Feedback as a sound source.

Shure SM58 - photo

Here’s a way to get a highly unique sound. You probably won’t want to use this technique on every song you record. I guarantee when you do people will ask how you did it. Take a microphone and aim it at one of your speakers. Carefully turn up the volume. When you start to hear feedback hit record on your DAW. Move the microphone around. That’s the basics but now let’s play more. Add a distorion or reverb plug in as an insert on the microphone channel. Now we have more flavors of feedback. Using these recordings in your purely electronic songs adds some real life.

Bats - photoI have a song called from 1996 called Dark Invader. It was the first release on my record label Things to Come Records. I was searching for bat sounds but instead I did the following. I had a Shure SM-58 microphone aimed towards a large nightclub style speaker. The mic was going through a Korg SDD-2000 digital delay. I had the delay times in sync with the tempo of my song. I recorded the feedback. Lastly, in an Akai S950 sampler I reversed and cut up the feedback and stragedically placed it in the song. Here is an audio sample:

Early this year I was recording a song about Gary Ridgeway, The Green River Killer. The song is called The Grip of the Cobra. I wanted a dark feedback effect to roll over the drums. This time I used a modern technique. There is a fantastic plug-in called Timeless by Dutch company Fabfilter. It’s an analog style delay with according to thier website “Feedback and cross-feedback with L/R sync and phase inversion”. What this means is I am now able to get a similar effect but all within my DAW and without recording an external mic aimed at my speakers. They have a fully functional 30 day demo available to download on their website. Here is a sample of the feedback effect I was able to achieve in my song The Grip of the Cobra:

photo credits: 2create, Tolka Rover

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Oliver Chesler

"Hello my name is Oliver and I'm going to tell you a story." I have been recording music since 1989 under the name The Horrorist. I have released over 60 singles and 4 full length albums. To hear my music please go to:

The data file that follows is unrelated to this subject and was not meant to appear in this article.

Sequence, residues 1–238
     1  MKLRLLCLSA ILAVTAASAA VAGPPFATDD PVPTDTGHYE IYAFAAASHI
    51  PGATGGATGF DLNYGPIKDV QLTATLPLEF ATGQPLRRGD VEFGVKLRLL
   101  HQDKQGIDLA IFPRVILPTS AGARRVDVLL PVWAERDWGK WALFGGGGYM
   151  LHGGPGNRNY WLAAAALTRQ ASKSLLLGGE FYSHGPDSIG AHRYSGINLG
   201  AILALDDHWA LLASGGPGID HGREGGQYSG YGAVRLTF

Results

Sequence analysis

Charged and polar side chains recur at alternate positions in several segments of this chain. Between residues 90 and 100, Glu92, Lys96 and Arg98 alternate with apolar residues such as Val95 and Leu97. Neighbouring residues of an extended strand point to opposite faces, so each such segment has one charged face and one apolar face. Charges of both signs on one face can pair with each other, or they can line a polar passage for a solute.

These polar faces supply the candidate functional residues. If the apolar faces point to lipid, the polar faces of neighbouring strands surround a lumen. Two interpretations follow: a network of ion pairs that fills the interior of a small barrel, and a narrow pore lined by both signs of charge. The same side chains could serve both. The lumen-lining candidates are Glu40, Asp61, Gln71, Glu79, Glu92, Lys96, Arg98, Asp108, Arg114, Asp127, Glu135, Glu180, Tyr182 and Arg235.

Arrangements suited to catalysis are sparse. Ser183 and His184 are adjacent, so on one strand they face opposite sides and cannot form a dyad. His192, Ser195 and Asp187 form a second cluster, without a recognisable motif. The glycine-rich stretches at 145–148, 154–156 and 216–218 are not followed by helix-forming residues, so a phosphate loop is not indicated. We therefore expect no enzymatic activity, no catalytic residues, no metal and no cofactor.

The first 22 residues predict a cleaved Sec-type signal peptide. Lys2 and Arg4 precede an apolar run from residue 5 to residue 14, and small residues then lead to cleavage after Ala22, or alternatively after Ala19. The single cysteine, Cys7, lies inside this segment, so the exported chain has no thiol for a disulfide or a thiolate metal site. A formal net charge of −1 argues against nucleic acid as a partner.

5 thoughts on “Feedback as a sound source.”

  1. hi
    i’m great fan of “larsen effect”
    when i was playing guitar in my band i was always playing with cause of all Boss pedal dd3 distort etc..loud volume
    live & we used it in studio too .
    You can heard it last track on “blue haired girl”in the middle on the track for re-play me on the guitar & my bassist modifying effect guitar and this larsen that would be here few second stay until the end of the track …
    congratulation for ur great blog & xcuse my english

      1. When I was a young goof-off in Jr. College my friends and I used to jam with large amounts of amplification and very little technique or planning… one of the best accidents occurred when we placed a large brass taifor (Arabic serving plate, about 3′ across) between a mic and a bass amp. Immediately the taifor began to resonate, and moving the mic closer and further away varied the overtone. The musical tone generated was very brassy, resembling that of a trombone or tuba. It was a lot more engaging as a sound than simple mic feedback (of which we used plenty along with analog delay). Now hit the thrift stores in the Arab quarter of your town for an old taifor!

        1. True analog feedback! Your comment got me thinking that in this crowded world I wonder how many kids miss out on screaming into a canyon or off the side of a mountain an hearing their voice come back. These days people just call the cops!

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